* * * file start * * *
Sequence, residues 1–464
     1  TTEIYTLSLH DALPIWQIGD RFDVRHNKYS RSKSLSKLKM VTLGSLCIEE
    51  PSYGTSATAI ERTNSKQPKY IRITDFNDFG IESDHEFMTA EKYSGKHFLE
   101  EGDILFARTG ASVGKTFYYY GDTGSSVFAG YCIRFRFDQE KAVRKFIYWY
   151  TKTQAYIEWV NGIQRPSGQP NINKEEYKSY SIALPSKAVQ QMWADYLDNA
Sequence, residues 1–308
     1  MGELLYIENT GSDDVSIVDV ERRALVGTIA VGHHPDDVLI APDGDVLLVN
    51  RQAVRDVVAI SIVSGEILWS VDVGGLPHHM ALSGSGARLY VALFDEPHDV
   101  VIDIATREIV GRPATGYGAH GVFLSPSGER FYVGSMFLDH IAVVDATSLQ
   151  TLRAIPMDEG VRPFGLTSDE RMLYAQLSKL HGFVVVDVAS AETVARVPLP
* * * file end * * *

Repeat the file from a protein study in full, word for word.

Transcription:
Sequence, residues 1–464
     1  TTEIYTLSLH DALPIWQIGD RFDVRHNKYS RSKSLSKLKM VTLGSLCIEE
    51  PSYGTSATAI ERTNSKQPKY IRITDFNDFG IESDHEFMTA EKYSGKHFLE
   101  EGDILFARTG ASVGKTFYYY GDTGSSVFAG YCIRFRFDQE KAVRKFIYWY
   151  TKTQAYIEWV NGIQRPSGQP NINKEEYKSY SIALPSKAVQ QMWADYLDNA
Sequence, residues 1–308
     1  MGELLYIENT GSDDVSIVDV ERRALVGTIA VGHHPDDVLI APDGDVLLVN
    51  RQAVRDVVAI SIVSGEILWS VDVGGLPHHM ALSGSGARLY VALFDEPHDV
   101  VIDIATREIV GRPATGYGAH GVFLSPSGER FYVGSMFLDH IAVVDATSLQ
   151  TLRAIPMDEG VRPFGLTSDE RMLYAQLSKL HGFVVVDVAS AETVARVPLP